Tuesday, March 11, 2014
By Steve Mistler email@example.com
State House Bureau
(Continued from page 1)
Likewise, the Maine bill is likely to be opposed and potentially vetoed by Gov. Paul LePage. LePage has not taken a position on the bill, but his Republican counterparts in the House were unanimous in voting against it Wednesday.
Rep. Kenneth Fredette, R-Newport, the House minority leader, said the Maine bill would “hurt the people it was designed to help.” Republicans also want to help the poor, he said, but are focused on growing the economy. If successful, he said, wages would increase for everyone.
Fredette said the indexing element of the bill is also troubling because it would put wage increases on “autopilot.”
“That’s not governing,” he said.
Rep. Gay Grant, D-Gardiner, disagreed. She said she expects a veto by LePage, but says lawmakers should support the modest increase in the bill.
Democrats say raising the wage makes moral and economic sense.
Grant said it was important to “stand with working people” who are working more than one job and struggling to keep up with the rising cost of living.
Rep. Paul Gilbert, D-Jay, agreed, saying the bill wouldn’t solve the poverty problem but would “give these workers some help.”
Democrats and labor unions are the chief proponents for raising the minimum wage, arguing that it would help working-class Americans and stimulate the economy.
The liberal Economic Policy Institute recently projected that increasing the minimum wage to $9.50 an hour would result in $60 billion of new household spending in two years.
However, some economists have argued that raising the minimum wage during an economic recession will stunt business growth.
David Neumark, an economics professor at the University of California-Irvine, wrote in a 2009 column in The Wall Street Journal that increasing minimum wages actually reduces employment for young, low-skilled earners.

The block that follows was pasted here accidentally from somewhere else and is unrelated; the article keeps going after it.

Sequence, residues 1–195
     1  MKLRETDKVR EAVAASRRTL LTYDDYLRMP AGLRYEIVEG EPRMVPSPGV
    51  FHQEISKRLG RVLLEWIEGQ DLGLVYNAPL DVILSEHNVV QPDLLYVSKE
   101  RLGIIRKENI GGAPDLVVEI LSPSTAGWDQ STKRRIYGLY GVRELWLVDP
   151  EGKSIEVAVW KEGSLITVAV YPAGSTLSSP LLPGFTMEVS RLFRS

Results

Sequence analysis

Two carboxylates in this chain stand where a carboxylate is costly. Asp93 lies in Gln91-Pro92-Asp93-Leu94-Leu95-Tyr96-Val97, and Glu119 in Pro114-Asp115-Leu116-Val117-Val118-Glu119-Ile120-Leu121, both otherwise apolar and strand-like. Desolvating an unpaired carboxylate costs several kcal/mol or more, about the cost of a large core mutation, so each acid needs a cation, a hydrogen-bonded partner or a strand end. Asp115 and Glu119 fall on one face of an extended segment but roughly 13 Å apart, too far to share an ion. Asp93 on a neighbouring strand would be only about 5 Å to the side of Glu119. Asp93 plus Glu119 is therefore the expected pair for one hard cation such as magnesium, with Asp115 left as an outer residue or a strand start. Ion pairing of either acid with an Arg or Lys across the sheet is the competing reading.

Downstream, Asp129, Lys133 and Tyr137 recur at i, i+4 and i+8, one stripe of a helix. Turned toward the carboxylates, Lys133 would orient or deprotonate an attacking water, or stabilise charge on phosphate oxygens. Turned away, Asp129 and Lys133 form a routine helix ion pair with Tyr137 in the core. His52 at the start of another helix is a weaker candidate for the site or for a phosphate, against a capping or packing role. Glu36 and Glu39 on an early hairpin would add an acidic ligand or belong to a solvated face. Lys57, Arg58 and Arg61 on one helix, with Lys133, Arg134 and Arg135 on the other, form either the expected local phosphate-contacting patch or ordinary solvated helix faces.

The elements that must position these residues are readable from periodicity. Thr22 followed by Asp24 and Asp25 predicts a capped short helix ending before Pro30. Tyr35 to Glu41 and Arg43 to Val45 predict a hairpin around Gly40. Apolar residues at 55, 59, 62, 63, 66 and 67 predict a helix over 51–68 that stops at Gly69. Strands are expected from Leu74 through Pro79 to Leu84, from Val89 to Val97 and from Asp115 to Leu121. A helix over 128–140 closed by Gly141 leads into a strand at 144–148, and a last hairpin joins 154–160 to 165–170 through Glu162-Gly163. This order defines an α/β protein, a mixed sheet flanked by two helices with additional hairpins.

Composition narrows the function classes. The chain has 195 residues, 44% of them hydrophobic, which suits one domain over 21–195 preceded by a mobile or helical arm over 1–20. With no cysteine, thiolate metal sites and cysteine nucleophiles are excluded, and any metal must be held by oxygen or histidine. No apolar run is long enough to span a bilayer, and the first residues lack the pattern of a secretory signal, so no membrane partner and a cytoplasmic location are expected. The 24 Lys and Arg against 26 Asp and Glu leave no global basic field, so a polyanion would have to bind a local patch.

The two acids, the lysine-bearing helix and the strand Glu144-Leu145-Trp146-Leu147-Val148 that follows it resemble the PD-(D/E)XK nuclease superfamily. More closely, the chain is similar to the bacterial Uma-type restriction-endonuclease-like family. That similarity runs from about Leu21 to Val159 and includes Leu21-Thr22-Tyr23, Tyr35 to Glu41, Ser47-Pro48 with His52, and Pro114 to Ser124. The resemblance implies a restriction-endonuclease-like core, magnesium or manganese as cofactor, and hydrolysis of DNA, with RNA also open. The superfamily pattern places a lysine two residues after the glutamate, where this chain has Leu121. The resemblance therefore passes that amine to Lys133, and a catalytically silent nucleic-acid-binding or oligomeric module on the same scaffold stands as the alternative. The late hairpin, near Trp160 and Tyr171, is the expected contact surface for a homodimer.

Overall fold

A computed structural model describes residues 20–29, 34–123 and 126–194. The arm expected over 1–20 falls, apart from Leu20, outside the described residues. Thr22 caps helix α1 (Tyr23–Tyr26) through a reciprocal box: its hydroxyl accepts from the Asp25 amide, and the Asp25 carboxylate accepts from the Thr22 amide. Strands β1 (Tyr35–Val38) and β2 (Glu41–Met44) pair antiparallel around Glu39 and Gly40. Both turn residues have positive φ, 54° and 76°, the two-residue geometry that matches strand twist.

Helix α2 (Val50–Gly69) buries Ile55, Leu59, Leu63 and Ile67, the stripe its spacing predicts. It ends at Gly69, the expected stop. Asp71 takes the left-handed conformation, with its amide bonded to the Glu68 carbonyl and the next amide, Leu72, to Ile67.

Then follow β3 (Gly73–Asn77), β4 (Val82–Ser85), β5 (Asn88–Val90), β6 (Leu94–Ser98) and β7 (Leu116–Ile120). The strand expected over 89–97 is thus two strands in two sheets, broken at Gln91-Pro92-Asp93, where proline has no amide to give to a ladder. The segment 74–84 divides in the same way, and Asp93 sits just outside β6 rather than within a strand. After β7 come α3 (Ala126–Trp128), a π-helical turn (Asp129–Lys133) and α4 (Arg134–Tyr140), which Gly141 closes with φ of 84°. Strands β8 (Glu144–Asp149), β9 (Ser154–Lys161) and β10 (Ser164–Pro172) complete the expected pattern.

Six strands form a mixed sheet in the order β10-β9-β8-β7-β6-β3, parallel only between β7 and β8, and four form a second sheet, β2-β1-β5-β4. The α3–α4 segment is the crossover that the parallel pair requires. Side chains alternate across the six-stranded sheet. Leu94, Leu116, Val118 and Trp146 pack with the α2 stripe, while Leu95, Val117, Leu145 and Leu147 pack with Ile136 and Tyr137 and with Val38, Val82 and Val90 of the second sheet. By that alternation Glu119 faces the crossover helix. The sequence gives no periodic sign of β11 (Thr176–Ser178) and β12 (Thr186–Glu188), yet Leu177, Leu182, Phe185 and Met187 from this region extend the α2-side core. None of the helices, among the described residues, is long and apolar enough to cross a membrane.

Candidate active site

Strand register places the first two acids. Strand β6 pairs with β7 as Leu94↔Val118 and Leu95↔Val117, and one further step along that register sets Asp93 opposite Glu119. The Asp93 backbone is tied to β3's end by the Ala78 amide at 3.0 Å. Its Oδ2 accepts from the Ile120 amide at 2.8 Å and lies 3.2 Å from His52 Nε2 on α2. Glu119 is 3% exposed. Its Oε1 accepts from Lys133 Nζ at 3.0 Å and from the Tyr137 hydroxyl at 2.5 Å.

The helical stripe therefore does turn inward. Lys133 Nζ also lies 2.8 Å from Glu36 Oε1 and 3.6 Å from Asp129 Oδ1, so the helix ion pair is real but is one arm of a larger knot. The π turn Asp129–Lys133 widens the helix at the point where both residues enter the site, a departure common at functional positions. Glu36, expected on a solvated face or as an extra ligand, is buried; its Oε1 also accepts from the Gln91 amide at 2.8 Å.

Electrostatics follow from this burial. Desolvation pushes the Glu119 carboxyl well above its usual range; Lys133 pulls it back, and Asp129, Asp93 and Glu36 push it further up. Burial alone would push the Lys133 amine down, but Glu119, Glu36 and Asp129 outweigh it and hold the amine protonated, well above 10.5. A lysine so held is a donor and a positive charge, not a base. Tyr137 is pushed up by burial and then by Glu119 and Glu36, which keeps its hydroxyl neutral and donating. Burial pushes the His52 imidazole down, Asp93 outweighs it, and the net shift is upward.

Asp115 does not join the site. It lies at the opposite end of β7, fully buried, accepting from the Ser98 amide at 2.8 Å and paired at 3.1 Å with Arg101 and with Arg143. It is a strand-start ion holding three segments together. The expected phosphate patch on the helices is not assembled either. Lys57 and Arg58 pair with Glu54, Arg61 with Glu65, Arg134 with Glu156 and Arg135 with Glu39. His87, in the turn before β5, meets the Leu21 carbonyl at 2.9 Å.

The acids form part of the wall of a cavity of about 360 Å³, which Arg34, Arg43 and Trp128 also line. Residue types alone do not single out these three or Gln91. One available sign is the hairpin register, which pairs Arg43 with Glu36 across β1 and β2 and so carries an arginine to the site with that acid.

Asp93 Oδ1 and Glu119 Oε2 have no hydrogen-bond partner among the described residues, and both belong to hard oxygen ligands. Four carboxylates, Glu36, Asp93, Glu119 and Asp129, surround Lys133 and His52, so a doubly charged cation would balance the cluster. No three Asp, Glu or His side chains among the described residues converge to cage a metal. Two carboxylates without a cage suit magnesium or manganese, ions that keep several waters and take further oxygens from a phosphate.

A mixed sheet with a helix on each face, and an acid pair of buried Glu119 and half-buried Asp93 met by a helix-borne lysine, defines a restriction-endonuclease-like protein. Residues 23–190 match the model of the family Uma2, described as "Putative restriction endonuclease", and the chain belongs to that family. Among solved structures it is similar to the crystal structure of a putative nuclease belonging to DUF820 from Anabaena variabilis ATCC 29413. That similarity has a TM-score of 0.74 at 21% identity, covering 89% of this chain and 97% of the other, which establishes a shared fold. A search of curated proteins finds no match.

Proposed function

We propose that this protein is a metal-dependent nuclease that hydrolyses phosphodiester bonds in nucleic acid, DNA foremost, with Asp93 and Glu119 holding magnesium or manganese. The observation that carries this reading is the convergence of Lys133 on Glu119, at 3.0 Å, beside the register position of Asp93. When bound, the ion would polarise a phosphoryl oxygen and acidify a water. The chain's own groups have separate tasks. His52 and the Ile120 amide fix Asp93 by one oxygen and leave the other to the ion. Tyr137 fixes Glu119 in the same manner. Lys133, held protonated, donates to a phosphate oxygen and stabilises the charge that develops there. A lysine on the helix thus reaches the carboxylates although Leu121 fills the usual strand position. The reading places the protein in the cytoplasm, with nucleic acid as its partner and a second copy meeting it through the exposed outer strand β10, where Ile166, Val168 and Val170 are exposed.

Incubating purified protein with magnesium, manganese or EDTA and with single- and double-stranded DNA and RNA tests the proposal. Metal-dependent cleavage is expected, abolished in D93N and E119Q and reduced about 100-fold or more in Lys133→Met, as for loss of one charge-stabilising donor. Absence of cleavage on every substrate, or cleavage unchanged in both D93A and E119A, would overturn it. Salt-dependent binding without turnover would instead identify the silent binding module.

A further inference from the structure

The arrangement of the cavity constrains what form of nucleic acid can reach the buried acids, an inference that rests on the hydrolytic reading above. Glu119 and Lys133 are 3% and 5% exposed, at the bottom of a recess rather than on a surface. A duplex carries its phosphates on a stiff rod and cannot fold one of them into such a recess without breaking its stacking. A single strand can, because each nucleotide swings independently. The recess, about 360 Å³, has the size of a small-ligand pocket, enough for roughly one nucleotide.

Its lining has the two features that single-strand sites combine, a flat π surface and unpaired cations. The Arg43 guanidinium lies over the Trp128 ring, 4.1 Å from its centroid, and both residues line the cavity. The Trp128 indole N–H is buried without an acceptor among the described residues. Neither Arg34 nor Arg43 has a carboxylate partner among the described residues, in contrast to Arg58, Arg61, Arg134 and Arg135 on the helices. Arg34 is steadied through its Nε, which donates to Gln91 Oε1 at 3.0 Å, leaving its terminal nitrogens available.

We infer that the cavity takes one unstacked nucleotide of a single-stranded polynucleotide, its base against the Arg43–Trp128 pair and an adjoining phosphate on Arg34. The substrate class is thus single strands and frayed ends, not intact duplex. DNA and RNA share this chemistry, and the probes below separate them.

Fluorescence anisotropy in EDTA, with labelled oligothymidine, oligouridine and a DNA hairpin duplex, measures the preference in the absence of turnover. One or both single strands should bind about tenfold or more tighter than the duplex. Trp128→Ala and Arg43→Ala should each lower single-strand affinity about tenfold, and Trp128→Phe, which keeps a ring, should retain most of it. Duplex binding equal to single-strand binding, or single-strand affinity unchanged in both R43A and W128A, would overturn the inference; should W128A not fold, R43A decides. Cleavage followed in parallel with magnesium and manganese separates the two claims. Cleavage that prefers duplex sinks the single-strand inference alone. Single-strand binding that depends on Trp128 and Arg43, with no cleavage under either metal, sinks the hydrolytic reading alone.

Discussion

Those workers are “struggling to find a toehold in the labor market,” and raising the minimum wage makes it harder for employers to hire them, Neumark wrote.
Clough, of the National Federation of Independent Business, also criticized the vote.
“This proposal is completely divorced from economic reality,” he said. “How can small businesses absorb a substantial increase in their labor costs? They can’t reduce their taxes. They can’t reduce the cost of health care. They can’t reduce their fixed expenses.”
Raising the minimum wage appears to have support in national opinion polls. A USA TODAY/Pew Research Center poll conducted in early March found that 71 percent of Americans support Obama’s plan to raise the minimum wage.
The Maine Department of Labor could not provide state-level data for the 20,000 people who earned minimum wage in 2011. However, federal data shows that minimum wage earners were concentrated in low-skill occupations that typically receive tips. Most earners were young, worked part time and had limited educational attainment.
According to federal statistics on minimum wage earners:
The Maine minimum wage bill faces additional votes in the House and Senate, and if passed, then goes to the governor.
Staff Writer Tom Bell contributed to this report.
Steve Mistler can be contacted at 620-7016 or at: